Chevalier is an emotional, music-filled 18th-century roller-coaster ride, and while watching it, my heart overflowed with pleasure from first frame to last.
Spinning Gold is a disaster.
Whitney Houston was a singular talent, and she deserves an equally unique motion picture chronicling her life. But this isn’t it, and that’s downright heartbreaking.
If this overheated phantasmagorical whirligig didn’t quite set my heart on fire, thanks in large part to Butler’s mesmerizing magnificence, I still couldn’t have stopped falling in love with Elvis even had I wanted to try.
Studio 666 is an unwieldy, mostly unfunny hodgepodge of tired horror conceits and winking, self-indulgent humor that ends up making next to no lasting impression whatsoever.
I was captivated from start to finish, and if I could have watched Marry Me again from the beginning the moment after it had concluded I would have done so.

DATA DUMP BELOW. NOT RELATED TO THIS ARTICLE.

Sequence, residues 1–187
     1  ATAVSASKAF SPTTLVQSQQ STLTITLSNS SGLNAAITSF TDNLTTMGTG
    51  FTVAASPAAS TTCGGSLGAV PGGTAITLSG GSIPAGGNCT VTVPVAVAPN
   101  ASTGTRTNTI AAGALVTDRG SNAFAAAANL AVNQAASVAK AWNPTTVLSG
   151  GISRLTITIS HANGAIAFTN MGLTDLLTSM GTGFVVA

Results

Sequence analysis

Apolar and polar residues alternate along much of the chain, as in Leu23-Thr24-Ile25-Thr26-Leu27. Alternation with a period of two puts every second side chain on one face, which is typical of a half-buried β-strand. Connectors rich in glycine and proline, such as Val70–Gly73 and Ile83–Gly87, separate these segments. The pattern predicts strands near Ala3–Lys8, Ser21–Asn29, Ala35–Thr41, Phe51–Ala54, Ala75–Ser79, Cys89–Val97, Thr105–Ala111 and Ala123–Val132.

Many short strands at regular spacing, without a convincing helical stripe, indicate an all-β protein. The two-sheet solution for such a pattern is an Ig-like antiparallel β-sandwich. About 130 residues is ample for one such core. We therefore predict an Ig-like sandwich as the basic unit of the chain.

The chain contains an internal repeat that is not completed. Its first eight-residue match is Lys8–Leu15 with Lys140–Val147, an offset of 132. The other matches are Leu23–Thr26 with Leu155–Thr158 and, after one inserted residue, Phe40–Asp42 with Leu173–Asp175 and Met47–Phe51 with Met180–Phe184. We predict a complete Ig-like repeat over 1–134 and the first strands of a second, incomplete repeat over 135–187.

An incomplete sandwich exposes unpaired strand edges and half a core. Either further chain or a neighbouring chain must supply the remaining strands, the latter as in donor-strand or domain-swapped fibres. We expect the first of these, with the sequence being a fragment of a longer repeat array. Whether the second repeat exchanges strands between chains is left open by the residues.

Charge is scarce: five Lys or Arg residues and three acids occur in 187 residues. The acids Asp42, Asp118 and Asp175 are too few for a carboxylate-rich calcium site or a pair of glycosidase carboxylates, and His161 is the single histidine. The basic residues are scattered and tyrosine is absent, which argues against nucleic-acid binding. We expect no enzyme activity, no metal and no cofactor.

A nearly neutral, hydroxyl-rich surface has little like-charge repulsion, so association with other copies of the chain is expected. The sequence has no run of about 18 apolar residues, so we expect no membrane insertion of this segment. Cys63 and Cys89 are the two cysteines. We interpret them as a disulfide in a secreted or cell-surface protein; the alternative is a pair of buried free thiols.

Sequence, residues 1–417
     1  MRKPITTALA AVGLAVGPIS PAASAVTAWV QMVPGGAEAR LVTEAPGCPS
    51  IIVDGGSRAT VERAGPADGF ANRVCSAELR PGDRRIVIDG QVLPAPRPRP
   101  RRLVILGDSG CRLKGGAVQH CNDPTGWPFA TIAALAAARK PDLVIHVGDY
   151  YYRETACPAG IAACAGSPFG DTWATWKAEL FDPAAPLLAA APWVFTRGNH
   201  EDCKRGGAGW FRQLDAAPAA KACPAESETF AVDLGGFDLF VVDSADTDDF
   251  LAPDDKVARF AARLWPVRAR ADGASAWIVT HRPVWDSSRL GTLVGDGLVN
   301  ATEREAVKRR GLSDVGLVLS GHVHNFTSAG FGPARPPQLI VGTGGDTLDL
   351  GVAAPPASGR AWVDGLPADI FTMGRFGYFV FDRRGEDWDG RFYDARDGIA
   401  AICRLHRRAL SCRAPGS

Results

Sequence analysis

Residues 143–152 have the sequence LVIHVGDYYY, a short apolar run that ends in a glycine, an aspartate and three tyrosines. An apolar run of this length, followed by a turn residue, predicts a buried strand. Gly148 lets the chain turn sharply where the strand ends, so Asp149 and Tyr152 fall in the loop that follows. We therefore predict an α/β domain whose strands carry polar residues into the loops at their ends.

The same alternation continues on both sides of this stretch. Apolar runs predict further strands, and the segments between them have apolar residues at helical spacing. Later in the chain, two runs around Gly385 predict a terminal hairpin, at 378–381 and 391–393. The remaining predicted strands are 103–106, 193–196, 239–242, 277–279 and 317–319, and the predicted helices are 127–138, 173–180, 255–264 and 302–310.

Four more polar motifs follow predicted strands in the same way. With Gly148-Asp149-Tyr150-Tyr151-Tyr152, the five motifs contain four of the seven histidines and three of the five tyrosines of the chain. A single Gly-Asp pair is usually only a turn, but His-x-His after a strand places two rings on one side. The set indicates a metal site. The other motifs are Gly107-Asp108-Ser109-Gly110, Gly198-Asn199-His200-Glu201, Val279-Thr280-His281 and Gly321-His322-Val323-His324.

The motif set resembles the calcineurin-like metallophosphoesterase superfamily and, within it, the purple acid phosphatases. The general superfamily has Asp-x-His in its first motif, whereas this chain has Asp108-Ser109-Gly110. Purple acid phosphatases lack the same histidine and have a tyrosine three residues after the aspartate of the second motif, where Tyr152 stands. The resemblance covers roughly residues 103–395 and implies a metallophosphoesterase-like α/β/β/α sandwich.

Even with a terrific soundtrack naturally dominated by The Smiths, Shoplifters of the World is a flat, emotionally inert coming-of-age drama that never worked for me.
Beats is more than a visual or musical showcase, it’s a character-driven one as well, the events of this crazy night back in 1994 not nearly as divorced from today’s protest-charged reality as casual viewers might initially surmise.
If Paul Williams Still Alive does feel a bit slight that has nothing to do with the man himself. A titanic figure in the music industry, he saunters through the film with a relaxed grace that’s mesmerizing.